The Coaching on Lifestyle intervention (CooL) is one of six CLIs that are approved by the Dutch Institute for Public Health and Environment (in Dutch: RIVM) for being effective in facilitating weight reduction. The intervention has two phases: an intensive behavioural change phase of eight months, followed by a less-intensive 16-month behavioural maintenance phase summing up to a total duration of two years. Baseline measurements are done during intake, followed by measurements after the behavioural change phase (8 months) and after the behavioural maintenance phase (24 months). So far, research on the CLI has been done on Slimmer [ 13 ] and Beweegkuur [ 14 ] and on CooL in a regional setting: the CooL-pilot and the healthyLIFE study [ 15 , 16 ]. All CLI’s are showing comparable weight loss as well as additional benefits in positive health [ 16 ], metabolic risk factors [ 13 , 14 ] and/or health related behaviour [ 13 , 14 , 15 , 16 ]. The main objective of the present nationwide study is to look at the changes in outcomes of participants in the behavioural change phase of the CooL-intervention on the topics of anthropometrics (weight, BMI, waist circumference), control and support (self-mastery, social support), physical activity (sedentary time on least/most active days, physical active minutes), diet attentiveness (attentiveness to meal composition, awareness to amounts of food and attentiveness to consuming), alcohol consumption, smoking, perceived fitness (perceived health, fitness when waking, fitness during daytime, impact daily stress), sleep and stress (see Table  1 ).

The COVID-19 pandemic entered the Netherlands in February 2020, resulting in stringent COVID-19 measures that came into effect from March 2020 onwards. Obesity is considered a risk factor for a COVID-19 infection but also a risk factor for a more severe disease course resulting in higher mortality rates [ 17 , 18 ]. Both Dutch and international studies found that 70–90% of all COVID-19 patients admitted to Intensive Care Units with respiratory failure, were overweight [ 19 , 20 ]. The immune system of patients with obesity is less capable of fighting viruses and bacteria. Lifestyle improvements lead to improvements in the immune system [ 21 ], which might be an additional reason for deployment of the CLI for overweight people.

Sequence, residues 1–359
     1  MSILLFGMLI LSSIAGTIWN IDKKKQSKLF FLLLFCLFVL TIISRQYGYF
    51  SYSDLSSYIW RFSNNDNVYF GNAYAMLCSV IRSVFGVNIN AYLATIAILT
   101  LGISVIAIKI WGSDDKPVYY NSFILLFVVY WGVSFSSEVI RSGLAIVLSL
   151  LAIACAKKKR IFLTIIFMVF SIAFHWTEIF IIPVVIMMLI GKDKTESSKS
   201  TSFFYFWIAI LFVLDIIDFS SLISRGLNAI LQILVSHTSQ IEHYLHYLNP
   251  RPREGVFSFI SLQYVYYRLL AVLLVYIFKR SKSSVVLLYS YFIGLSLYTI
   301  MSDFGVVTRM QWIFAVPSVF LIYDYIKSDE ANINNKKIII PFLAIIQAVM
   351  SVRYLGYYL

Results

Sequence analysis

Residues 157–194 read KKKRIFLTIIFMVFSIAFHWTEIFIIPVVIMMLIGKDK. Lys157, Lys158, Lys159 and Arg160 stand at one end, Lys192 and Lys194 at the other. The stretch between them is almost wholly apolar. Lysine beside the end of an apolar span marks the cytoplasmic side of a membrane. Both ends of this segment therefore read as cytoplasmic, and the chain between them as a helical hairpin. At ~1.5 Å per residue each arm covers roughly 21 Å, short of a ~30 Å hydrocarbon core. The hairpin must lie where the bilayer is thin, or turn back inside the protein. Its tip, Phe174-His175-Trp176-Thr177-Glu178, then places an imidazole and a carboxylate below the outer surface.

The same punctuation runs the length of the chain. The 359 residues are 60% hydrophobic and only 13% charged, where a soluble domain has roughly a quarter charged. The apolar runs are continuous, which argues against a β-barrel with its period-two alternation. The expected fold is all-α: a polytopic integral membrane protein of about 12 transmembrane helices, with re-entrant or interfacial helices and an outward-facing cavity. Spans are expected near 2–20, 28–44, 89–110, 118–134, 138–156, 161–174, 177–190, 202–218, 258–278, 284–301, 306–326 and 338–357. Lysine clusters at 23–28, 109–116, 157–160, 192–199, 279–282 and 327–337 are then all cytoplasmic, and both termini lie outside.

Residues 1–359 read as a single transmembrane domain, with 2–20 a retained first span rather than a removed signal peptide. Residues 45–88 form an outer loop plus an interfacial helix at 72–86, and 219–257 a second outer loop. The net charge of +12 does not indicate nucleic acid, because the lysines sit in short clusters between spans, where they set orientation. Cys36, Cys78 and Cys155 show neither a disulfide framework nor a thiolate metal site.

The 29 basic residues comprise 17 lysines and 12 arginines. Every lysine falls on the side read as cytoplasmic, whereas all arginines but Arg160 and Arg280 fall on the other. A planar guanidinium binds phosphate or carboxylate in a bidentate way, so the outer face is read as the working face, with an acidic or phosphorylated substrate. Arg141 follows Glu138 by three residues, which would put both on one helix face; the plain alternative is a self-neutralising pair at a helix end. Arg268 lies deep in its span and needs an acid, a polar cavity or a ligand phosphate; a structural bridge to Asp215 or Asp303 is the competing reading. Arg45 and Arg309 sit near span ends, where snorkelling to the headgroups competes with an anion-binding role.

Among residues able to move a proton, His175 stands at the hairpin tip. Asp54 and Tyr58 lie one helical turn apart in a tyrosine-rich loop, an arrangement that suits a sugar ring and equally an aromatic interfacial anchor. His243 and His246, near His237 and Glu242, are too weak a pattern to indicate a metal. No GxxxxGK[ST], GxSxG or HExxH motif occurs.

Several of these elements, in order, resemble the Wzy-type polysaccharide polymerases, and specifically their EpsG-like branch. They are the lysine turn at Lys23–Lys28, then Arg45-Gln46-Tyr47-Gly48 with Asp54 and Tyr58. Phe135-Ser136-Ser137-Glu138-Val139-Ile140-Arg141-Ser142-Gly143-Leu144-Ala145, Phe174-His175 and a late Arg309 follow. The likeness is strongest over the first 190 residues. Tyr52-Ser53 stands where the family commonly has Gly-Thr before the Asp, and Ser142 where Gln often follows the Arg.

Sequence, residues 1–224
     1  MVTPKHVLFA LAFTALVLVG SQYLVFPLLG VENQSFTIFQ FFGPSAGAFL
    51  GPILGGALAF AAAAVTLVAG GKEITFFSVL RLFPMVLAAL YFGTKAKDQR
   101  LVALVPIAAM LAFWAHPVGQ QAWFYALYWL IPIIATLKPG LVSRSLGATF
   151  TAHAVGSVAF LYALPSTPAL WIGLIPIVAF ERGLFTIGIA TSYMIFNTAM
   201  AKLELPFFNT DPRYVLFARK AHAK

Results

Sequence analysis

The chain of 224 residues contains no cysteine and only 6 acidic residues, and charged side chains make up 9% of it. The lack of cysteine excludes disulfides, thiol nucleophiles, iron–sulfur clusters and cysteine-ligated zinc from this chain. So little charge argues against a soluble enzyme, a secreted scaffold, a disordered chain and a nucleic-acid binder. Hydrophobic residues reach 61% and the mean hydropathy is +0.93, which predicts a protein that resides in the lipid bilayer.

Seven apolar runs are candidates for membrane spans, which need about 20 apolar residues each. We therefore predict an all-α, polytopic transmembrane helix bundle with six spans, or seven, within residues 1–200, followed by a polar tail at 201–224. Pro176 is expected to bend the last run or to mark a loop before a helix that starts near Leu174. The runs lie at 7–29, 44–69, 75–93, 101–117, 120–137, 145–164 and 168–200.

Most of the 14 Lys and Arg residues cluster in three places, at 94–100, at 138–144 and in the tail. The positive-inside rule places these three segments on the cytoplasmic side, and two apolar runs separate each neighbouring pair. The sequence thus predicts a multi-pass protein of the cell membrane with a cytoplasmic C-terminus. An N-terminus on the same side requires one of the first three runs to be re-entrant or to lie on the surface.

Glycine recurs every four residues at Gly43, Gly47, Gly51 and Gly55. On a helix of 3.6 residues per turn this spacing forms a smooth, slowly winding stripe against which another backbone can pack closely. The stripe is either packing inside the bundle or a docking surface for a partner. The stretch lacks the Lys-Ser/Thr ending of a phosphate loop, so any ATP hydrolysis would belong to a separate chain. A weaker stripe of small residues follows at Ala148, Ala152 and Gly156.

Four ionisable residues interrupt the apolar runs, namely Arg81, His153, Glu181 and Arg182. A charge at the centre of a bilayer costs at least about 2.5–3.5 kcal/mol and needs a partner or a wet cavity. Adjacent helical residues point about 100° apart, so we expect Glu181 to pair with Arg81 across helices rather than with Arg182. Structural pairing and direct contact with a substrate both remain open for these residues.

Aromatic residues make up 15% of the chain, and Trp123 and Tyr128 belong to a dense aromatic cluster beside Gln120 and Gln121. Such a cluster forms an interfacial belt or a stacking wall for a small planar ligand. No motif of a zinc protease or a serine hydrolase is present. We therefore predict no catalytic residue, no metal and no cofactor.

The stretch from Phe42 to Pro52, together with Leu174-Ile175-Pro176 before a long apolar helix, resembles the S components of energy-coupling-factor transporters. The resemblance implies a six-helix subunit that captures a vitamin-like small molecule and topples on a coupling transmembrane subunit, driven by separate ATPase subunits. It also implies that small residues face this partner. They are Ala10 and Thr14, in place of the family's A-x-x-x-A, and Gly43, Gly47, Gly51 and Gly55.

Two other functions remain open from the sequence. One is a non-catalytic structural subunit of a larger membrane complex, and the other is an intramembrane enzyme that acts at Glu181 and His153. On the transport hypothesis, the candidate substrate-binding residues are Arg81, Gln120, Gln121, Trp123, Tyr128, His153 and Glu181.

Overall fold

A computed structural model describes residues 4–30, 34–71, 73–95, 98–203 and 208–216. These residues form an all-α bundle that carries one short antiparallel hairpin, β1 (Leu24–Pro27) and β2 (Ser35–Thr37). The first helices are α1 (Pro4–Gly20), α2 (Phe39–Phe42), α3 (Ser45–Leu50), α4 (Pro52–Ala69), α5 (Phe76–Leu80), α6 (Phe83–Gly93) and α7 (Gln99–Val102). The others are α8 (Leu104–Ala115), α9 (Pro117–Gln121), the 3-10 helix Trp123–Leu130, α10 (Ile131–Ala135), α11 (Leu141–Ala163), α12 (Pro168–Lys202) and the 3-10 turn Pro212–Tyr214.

We expected the pandemic, and the measures aimed to curb it, to have an impact on the CLI-participants [ 22 ]. As the severity of the disease course increased for overweight patients, it led to more stress in this high-risk population [ 23 ]. The COVID-19 pandemic resulted for some people in a higher sense of urgency to start with a weight reduction program. Others, on the other hand, were hesitant to attend group meetings due to their high-risk profile related to a potential COVID-19 infection. The consequences of the COVID-19 restrictions such as a temporary curfew, closing (sports) facilities, working at home and wearing face masks in public areas led to feelings of loneliness but also impacted lifestyle routines [ 23 ]. In addition, CLIs were initially temporarily suspended, pending guidelines on restricted human contact. Some CLI-groups were permanently closed, others restarted in digital modus, providing additional challenges for both coaches and participants. COVID-19 shifted priority for caretakers and participants as there were shortages of staff due to sickness or deployment in more critical roles, impacting availability and attendance of (digital) CLI-sessions [ 24 ].